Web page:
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Emergency Preparedness Measures: Can you Afford Non-Compliance?

Posted on Mon, Jan 27, 2014

The increasing number of stringent regulatory compliance standards compounds the complexity of industrial operations. Many companies believe they have the compliance component of their business under control. Others take a reactionary role rather than a proactive approach.  Without a proactive approach, incidents affecting the financial bottom line of companies, their communities, and surrounding environments will continue.

Every month, audits and enforcement mandates are issued from various federal and state agencies that oversee industrial facilities. Agencies such as OSHA, EPA, and DOT’s PHMSA inspect and fine offending companies for non-compliance for a variety of infractions. Costly non-compliance fines continually result from the lack of an implemented, thorough, or effective preparedness planning and regulatory compliance programs.

Associated penalties are continually increasing. In April of 2013, the PHMSA issued a ruling that incorporated new civil penalties. The ruling included:

  • Increasing the maximum fine possible from $55,000 to $75,000, for knowingly violating the law
  • Revising the maximum penalty from $110,000 to $175,000, for knowingly violating the law in a way that results in “death, serious illness, or severe injury” to a person, or which causes substantial destruction of property
  • Eliminating the minimum civil penalty amount, since most fines are well over the previous set minimum of $250. However, a minimum penalty will be retained for training violations, now to be set at $450.

Below is a sampling of the price of non-compliance. The list is comprised of a wide array of companies from various regulatory agencies (dates are by citation, not occurrence).

January 2013

EPA: A cold storage and ice manufacturing company was ordered to pay penalties of $225,000 for violating federal Clean Air Act requirements meant to prevent chemical releases. The company failed to implement the required Risk Management Plan relating to the use of ammonia at a number of its facilities.

February 2013

OSHA: A railway company was ordered to pay $1,121,099 for violating the whistleblower provisions of the Federal Railroad Safety Act.

March 2013

EPA and Hawaii State Department of Health: A ship repair and dry dock facility on Oahu was fined $710,000 in civil penalties for water pollution control violations. This was the largest Clean Water Act civil penalty against a ship repair facility nationwide.

April 2013

PHMSA: A compliance order and civil penalty of $104,800 was assessed to a pipeline holding company for failure to comply with pipeline safety regulations. The violations pertained to inadequate firefighting equipment and improper inspection and testing record keeping.

PHMSA: After a two-year investigation, a fine of $1.7million was proposed as a result of failing to implement measures to address known seasonal flooding risks to a pipeline system. Additionally, the company failed to establish written procedures to protect the pipeline from floods and other natural disasters, which would have minimized the volume of oil released.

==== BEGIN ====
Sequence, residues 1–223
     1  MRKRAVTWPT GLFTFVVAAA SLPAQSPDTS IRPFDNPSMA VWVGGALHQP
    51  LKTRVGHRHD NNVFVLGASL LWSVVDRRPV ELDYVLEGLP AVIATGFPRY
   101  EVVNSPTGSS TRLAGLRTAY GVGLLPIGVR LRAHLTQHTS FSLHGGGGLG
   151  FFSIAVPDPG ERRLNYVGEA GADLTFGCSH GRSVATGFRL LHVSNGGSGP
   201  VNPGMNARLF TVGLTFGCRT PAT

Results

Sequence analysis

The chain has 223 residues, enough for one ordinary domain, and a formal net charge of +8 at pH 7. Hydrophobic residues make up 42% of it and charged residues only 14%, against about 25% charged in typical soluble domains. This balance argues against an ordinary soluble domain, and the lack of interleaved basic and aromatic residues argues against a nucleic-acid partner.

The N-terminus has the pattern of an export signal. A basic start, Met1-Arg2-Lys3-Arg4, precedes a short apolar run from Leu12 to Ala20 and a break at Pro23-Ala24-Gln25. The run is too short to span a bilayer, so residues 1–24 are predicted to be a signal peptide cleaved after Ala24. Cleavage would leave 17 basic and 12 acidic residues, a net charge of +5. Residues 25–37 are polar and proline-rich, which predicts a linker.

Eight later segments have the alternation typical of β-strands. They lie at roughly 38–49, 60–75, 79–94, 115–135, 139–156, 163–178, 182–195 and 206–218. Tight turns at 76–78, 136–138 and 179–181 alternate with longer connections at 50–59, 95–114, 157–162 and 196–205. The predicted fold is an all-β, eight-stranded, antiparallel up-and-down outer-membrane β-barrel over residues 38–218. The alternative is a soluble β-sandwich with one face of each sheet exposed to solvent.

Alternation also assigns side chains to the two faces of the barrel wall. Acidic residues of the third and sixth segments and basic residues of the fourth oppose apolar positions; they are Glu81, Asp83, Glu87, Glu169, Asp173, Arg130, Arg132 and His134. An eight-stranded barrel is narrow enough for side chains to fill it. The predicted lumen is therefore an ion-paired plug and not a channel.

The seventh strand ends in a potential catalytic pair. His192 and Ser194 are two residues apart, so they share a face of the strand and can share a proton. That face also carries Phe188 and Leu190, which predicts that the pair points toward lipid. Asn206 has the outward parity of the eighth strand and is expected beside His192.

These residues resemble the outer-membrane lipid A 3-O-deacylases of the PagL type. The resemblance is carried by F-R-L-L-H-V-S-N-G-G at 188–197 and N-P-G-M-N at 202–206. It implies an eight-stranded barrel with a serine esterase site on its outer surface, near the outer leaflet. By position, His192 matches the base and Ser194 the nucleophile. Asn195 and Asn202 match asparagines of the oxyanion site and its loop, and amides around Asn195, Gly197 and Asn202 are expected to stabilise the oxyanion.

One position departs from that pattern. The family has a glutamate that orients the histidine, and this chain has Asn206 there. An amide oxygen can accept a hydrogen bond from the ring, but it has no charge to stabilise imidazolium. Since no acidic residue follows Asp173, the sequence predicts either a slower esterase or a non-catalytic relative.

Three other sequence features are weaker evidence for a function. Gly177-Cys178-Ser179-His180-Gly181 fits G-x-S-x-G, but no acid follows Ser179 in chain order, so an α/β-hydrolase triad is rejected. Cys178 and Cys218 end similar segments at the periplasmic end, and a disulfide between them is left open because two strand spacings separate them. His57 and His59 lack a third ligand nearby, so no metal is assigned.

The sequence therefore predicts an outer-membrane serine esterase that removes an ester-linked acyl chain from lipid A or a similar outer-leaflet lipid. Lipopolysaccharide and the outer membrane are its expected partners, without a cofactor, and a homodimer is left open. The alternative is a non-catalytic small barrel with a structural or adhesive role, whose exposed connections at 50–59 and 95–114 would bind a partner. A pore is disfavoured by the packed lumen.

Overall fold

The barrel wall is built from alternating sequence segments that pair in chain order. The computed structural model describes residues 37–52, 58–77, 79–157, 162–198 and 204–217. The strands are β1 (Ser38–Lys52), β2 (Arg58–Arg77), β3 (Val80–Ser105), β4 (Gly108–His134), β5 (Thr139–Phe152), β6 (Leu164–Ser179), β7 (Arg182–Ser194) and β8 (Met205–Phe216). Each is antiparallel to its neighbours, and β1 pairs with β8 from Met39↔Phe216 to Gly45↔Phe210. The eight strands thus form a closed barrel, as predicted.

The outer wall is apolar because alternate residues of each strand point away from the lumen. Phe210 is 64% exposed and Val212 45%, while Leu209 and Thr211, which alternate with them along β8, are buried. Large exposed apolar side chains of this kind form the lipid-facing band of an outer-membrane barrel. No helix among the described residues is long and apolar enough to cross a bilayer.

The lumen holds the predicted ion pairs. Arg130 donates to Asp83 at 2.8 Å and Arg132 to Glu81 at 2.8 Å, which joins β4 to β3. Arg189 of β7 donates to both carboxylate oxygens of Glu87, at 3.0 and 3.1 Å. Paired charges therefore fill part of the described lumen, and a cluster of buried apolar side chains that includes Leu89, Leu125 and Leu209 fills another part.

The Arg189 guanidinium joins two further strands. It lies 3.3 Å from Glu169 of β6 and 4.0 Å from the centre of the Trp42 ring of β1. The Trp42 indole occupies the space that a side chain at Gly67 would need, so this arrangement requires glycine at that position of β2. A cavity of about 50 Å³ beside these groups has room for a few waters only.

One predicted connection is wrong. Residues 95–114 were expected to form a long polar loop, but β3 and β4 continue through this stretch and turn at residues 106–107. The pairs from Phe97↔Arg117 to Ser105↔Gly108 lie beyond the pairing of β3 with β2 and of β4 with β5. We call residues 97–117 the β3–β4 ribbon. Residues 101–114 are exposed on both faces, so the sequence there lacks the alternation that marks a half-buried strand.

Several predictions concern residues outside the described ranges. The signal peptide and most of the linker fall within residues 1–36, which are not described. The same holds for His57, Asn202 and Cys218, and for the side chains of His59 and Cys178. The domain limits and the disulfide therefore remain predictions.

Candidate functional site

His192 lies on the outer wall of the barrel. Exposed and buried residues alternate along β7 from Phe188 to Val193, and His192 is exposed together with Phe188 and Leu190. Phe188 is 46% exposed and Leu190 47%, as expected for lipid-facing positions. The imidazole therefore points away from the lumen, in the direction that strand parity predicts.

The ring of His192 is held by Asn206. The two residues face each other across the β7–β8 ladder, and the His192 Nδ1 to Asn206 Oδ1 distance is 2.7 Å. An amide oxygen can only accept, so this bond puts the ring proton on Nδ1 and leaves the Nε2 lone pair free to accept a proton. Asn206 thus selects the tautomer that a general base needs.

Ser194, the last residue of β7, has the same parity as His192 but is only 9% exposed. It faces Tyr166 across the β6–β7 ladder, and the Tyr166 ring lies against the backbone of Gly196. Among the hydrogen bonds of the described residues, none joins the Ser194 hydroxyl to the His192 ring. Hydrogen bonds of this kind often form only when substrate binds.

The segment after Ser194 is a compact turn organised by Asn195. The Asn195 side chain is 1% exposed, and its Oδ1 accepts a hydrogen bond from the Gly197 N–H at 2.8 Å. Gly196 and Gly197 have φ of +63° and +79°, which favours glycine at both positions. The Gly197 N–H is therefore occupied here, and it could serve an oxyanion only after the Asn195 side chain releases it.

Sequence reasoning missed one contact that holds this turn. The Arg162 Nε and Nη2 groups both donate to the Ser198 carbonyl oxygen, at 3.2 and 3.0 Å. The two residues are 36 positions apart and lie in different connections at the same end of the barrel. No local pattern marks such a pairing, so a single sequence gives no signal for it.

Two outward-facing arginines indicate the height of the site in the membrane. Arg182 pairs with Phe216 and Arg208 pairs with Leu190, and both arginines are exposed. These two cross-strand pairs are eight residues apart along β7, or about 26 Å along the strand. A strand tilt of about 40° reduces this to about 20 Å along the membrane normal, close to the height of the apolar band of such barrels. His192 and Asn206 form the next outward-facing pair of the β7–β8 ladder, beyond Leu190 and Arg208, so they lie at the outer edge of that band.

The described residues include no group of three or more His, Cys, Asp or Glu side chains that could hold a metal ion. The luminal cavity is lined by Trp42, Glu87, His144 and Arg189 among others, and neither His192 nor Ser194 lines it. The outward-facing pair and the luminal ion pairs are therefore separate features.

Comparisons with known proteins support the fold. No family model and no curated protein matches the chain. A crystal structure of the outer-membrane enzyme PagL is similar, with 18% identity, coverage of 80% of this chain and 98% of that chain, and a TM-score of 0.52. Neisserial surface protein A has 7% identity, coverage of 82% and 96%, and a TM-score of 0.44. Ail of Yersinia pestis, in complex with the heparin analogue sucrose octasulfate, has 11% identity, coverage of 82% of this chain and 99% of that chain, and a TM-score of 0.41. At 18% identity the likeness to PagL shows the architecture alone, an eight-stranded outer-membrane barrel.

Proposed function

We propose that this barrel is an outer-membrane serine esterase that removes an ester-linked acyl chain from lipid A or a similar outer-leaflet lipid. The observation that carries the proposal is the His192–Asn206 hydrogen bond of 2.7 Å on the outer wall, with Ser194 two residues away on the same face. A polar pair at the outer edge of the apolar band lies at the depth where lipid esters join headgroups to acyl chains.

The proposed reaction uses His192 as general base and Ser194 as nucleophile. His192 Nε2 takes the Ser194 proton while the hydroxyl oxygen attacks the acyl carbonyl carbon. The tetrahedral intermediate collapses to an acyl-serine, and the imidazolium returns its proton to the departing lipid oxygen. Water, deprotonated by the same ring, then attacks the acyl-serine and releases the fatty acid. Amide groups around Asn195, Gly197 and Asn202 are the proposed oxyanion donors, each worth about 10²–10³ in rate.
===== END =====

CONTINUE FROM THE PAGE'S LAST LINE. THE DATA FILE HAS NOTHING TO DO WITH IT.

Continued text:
May 2013

OSHA: A company that manufactures wood shavings for animal bedding was assessed $233,870 in proposed fines. Violations included 28 repeat and serious violations of the workplace safety and health standards.

June 2013

PHMSA: Proposed and collected a civil fine of $235,600 with a pipeline company that neglected to implement response plans, emergency shutdown processes, and inspections regarding the facility compressor station.

August 2013

OSHA:  An Ohio steel manufacturing plant’s compliance 24 violations added up to fines totaling $1,138,500. Fifteen of the non-compliance aspects included willful violations of OSHA’s fall protection standards

September 2013

EPA: A refinery’s parent company was issued a $8.75 million penalty for failing to comply with a 2007 settlement that resolved violations of the Clean Air Act. Between 2007 and 2011, the company violated numerous requirements of the initial settlement, including failing to comply with emissions limits. The company also failed to perform corrective actions or to analyze the cause of over 70 incidents involving emissions of hazardous gases through flaring.

October 2013

PHMSA: A pipeline company was assessed a $20,000 fine for failing to present written documentation of public awareness (as recommended by the American Petroleum Institute), and failing to providing baseline material to emergency responders or excavators.

November 2013

OSHA: An Arkansas-based meat processor was issued a total of $121,720 in proposed fines for violations at various sites. The inspection, which began on May 15, 2013, was conducted under OSHA's Site Specific Targeting Program, which directs enforcement resources to high-hazard workplaces with the highest rates of injuries and illnesses. OSHA found a cross section of mechanical, electrical and fall hazards, as well as several deficiencies in the process safety management program. The hazards include failing to guard skylights and roof hatchway, guard a press, provide safety-related work practices to prevent electric shock and arc flash burns, and provide workers with protective equipment when using energized equipment. 

December 2013

EPA: A paint manufacturer was penalized $153,917 for violating federal hazardous waste laws. Violations included failure to properly identify hazardous wastes, failure to properly label and store hazardous waste containers, and failure to train personnel who manage hazardous waste.

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Tags: DOT, OSHA, Emergency Preparedness, EPA, Regulatory Compliance, Emergency Management Program